NASA satellite cyclone
On Aug. 15 Nasa's Terra satellite captured this visible image of extra-tropical cyclone Conson over Japan's island of Hokkiado and the Sea of Okhotsk NASA Goddard MODIS Rapid Response Team

Nasa's Terra satellite has captured stunning image above of an extra-tropical cyclone threatening both Japan and Russia. Cyclone Conson's clouds indeed appear to cover the island of Hokkaido and stretch over the Sea of Okhotsk and the southern portion of Russia's Kamchatka Peninsula.

Hokkaido is Japan's second largest island, the one located farthest up north. For its part, the Kamchatka Peninsula is located in far eastern Russia and is about 1,250 kilometres long, stretching between the the Sea of Okhotsk to the west, and the Pacific Ocean to the east.

Although up to 110,000 people could be affected by wind speeds of tropical storm strength, it is not believed that the cyclone will have a high humanitarian impact. Indeed, the strength of the storm remains low and its past and pridicted path appear to coincide with areas of low population density.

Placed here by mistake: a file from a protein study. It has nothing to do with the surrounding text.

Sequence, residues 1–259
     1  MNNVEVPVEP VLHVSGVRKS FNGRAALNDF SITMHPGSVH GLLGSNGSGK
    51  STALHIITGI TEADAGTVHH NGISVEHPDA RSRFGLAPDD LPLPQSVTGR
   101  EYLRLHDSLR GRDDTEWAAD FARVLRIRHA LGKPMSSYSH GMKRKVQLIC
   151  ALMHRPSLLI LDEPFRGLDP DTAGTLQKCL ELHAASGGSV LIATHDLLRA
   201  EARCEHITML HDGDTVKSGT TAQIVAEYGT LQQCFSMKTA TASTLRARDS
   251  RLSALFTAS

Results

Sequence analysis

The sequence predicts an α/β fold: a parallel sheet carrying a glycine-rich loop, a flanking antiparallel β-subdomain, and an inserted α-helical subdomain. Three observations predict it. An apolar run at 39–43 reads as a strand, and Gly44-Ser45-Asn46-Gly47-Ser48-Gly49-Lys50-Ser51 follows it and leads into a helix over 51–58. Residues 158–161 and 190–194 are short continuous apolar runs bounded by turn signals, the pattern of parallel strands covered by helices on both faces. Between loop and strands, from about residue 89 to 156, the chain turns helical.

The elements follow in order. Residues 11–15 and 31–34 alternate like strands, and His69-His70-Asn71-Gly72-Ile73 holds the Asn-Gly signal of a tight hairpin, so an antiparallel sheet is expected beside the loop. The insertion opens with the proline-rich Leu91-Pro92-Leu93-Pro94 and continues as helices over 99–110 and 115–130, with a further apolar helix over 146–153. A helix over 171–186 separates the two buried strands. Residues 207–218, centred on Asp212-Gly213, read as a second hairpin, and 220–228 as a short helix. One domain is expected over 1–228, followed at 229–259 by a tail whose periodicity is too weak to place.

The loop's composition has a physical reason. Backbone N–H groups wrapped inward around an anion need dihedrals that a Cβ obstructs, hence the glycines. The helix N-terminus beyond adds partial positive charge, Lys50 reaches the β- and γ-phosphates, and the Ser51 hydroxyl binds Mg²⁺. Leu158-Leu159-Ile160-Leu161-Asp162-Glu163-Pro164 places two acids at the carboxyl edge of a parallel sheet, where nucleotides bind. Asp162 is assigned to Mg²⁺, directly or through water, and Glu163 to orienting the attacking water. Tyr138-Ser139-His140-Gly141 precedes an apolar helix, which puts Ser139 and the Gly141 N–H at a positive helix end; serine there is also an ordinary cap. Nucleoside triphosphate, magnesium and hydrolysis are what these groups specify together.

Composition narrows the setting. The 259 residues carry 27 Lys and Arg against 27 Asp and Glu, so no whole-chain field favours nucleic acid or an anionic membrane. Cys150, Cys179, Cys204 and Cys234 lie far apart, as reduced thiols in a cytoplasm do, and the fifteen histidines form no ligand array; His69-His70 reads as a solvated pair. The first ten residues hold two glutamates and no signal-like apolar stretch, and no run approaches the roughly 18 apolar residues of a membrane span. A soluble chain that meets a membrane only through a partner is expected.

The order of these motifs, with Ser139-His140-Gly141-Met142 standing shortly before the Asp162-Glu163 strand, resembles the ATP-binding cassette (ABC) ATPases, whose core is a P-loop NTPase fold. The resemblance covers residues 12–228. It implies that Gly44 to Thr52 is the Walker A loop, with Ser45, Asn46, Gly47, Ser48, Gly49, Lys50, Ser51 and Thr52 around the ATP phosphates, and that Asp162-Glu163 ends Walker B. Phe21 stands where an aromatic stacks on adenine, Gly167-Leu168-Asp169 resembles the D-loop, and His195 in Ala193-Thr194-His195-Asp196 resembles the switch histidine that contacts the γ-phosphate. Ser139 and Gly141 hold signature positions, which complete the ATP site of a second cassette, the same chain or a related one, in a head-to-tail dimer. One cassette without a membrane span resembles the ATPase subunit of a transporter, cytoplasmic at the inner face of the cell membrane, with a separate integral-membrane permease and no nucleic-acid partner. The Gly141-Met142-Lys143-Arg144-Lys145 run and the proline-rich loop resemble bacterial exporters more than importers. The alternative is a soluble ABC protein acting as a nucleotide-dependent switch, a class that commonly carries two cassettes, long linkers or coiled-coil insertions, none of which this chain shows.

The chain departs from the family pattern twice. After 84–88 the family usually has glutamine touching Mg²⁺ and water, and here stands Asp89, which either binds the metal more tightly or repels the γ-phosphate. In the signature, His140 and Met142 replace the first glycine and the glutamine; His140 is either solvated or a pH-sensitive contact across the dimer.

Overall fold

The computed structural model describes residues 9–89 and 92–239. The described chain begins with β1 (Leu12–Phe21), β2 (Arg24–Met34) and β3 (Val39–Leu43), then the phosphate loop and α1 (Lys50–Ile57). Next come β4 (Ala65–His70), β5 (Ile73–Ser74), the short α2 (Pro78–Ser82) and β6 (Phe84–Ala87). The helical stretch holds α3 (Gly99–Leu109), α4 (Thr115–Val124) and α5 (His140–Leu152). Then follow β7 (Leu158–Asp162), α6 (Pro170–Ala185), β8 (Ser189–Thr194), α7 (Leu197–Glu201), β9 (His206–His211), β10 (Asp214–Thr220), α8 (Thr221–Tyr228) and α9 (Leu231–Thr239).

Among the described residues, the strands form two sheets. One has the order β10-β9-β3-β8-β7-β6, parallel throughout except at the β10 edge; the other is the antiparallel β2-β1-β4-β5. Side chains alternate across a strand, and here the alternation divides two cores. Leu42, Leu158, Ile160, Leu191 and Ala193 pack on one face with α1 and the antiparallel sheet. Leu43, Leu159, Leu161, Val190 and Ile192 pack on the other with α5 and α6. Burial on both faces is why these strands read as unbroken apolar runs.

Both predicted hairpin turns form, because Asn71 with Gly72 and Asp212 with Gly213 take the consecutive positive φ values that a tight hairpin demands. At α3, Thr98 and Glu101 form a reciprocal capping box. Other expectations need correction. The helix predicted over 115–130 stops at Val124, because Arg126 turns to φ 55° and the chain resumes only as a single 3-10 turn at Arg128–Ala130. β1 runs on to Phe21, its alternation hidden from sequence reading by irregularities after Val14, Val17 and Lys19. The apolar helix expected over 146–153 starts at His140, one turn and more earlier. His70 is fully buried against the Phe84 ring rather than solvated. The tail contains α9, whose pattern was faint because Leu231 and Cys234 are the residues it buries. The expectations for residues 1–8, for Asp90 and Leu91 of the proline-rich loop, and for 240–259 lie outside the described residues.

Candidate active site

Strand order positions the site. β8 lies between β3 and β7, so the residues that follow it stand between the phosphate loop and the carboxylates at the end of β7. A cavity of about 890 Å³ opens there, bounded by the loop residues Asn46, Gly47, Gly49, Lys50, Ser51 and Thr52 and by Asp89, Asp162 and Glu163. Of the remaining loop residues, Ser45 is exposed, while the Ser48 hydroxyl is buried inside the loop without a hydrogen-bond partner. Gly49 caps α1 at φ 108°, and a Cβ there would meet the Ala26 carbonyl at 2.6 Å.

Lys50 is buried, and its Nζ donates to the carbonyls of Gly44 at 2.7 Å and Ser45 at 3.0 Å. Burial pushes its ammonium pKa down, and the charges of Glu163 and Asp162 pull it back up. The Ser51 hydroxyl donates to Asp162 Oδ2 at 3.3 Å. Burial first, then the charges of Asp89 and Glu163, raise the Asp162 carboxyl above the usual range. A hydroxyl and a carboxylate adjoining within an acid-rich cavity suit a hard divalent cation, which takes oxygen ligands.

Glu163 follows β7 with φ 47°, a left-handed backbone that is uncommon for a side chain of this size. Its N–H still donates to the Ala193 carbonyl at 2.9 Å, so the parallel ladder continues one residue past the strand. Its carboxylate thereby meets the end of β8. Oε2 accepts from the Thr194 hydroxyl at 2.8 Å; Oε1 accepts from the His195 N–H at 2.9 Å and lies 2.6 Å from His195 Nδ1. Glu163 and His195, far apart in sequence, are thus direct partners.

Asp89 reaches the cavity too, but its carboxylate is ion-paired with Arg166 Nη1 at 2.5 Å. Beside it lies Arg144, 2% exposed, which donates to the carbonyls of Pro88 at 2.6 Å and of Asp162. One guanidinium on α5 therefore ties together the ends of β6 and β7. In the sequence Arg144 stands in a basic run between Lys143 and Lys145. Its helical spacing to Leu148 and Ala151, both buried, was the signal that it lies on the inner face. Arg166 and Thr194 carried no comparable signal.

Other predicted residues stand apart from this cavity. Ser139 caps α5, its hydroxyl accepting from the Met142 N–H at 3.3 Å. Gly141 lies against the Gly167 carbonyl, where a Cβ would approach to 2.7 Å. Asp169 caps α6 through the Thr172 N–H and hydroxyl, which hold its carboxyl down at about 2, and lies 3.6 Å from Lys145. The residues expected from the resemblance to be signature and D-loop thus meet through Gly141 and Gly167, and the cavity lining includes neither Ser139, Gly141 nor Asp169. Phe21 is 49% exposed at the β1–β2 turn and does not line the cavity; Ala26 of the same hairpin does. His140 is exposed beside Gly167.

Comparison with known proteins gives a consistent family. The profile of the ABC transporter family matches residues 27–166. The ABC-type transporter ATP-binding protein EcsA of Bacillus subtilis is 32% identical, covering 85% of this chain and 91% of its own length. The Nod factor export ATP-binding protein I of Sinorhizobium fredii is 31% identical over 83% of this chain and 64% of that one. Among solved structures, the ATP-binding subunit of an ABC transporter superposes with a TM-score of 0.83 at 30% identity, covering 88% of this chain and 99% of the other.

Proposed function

The Terra satellite, which has caught the image of the storm has been operating since 1999. Approximately the size of a small school bus, its purpose is to take different measurements of the Earth system, including clouds and Earth's radiant energy system, pollution in the troposphere, or space-borne thermal emission.

However, to capture the cyclone, it is the satellite's Moderate Resolution Imaging Spectroradiometer that was used. The goal of this device is to measure the percentage of the planet's surface covered by clouds every day, in order to determine the impact of clouds and aerosols on the Earth's energy budget.